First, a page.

The U.S. crude inventories have finally fallen after 10 consecutive weeks of builds, according to the Weekly Petroleum Status Report released by the Energy Information Administration (EIA) on March 3, 2023. This is the first crude stockpile draw since December 2022, and it has come as a relief for the industry, which was grappling with a glut of oil due to seasonal maintenance and other disruptions at U.S. refineries leading to less processing of oil. In this article, we will delve deeper into the report to understand the current state of the U.S. petroleum industry.
U.S. crude inventories fall by 1.694M barrels after 10 consecutive weeks of builds
According to the EIA report, U.S. crude inventories fell by 1.694M barrels during the week ended March 3, 2023. This is a significant drop after 10 weeks of builds that added some 60 million barrels to inventories. Industry analysts had forecast a build of 0.395M barrels on average for the week ended March 3, so the actual draw has come as a surprise.
Refineries operate at 86% of their operable capacity
The EIA report also reveals that refineries operated at 86% of their operable capacity last week, which is below the typical inventory runs of 90% or more at this time of the year. This indicates that there is still some room for refineries to ramp up production, which could help reduce the inventory glut further.
Gasoline production and inventories
Gasoline production decreased last week, averaging 9.6M barrels per day, while gasoline inventories fell by 1.134M barrels. Automotive fuel gasoline is the No. 1 U.S. fuel product, so the drop in production and inventories could have a significant impact on the industry.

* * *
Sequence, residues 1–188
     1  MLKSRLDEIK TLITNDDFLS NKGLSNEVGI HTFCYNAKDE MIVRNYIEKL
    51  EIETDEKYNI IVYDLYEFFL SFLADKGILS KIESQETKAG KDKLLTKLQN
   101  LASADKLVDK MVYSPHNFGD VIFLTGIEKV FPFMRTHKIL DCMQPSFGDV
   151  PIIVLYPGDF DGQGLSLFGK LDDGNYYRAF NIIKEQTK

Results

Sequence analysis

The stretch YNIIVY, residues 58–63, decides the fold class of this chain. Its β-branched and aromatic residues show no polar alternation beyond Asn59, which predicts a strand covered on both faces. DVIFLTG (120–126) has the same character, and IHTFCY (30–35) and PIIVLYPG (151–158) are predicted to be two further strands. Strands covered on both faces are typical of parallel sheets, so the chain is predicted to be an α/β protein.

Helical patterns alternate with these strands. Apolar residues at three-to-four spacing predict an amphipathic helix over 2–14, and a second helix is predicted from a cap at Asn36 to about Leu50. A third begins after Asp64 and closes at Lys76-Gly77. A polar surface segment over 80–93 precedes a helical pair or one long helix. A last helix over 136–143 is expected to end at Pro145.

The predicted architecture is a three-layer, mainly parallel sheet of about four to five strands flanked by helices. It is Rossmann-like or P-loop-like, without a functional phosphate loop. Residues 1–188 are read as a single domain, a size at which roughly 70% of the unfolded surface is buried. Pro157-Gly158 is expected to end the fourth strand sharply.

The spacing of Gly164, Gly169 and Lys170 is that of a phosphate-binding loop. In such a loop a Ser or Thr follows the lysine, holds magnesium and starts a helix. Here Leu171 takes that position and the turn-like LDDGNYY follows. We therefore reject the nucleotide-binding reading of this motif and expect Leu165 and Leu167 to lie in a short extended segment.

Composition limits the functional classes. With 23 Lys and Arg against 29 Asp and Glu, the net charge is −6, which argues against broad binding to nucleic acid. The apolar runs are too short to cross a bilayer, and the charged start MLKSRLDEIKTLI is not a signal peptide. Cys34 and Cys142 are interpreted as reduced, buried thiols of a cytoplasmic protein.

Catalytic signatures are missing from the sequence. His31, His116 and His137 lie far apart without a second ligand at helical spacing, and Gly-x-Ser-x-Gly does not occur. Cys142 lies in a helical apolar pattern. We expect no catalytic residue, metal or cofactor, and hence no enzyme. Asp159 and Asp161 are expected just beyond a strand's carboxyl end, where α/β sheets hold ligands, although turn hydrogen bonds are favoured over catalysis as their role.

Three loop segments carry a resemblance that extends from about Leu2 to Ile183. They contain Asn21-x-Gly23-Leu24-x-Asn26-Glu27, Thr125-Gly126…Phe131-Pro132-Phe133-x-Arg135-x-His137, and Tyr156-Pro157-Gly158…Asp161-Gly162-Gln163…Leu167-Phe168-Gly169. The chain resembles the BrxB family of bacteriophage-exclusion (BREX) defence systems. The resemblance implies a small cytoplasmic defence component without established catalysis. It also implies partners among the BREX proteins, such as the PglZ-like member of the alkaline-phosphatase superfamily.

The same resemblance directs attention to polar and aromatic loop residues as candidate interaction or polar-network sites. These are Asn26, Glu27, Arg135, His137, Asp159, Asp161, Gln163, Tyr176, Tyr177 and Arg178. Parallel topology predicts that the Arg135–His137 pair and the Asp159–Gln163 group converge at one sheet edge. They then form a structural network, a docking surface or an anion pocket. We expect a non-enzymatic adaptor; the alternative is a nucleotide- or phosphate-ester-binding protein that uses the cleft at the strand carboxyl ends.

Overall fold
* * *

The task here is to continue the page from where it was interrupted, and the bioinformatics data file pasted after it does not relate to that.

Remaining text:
Distillate fuel production and inventories
Distillate fuel production also fell last week, averaging 4.5M barrels daily, while distillate stockpiles rose for a third week in a row. Until last month, distillates were the strongest component of the U.S. petroleum complex in terms of demand. However, the rise in distillate inventories could be a cause for concern, as it could indicate weak demand for heating oil, diesel for trucks, buses, trains, and ships, and fuel for jets.
The U.S. petroleum industry has been grappling with an inventory glut for the past few months, but the latest EIA report indicates that the situation is slowly improving. The fall in U.S. crude inventories after 10 weeks of builds is a positive sign, and the fact that refineries still have room to ramp up production could further reduce the glut. However, the rise in distillate inventories could indicate weak demand, which could be a cause for concern for the industry. Overall, the U.S. petroleum industry is in a state of flux, and it remains to be seen how it will evolve in the coming weeks and months.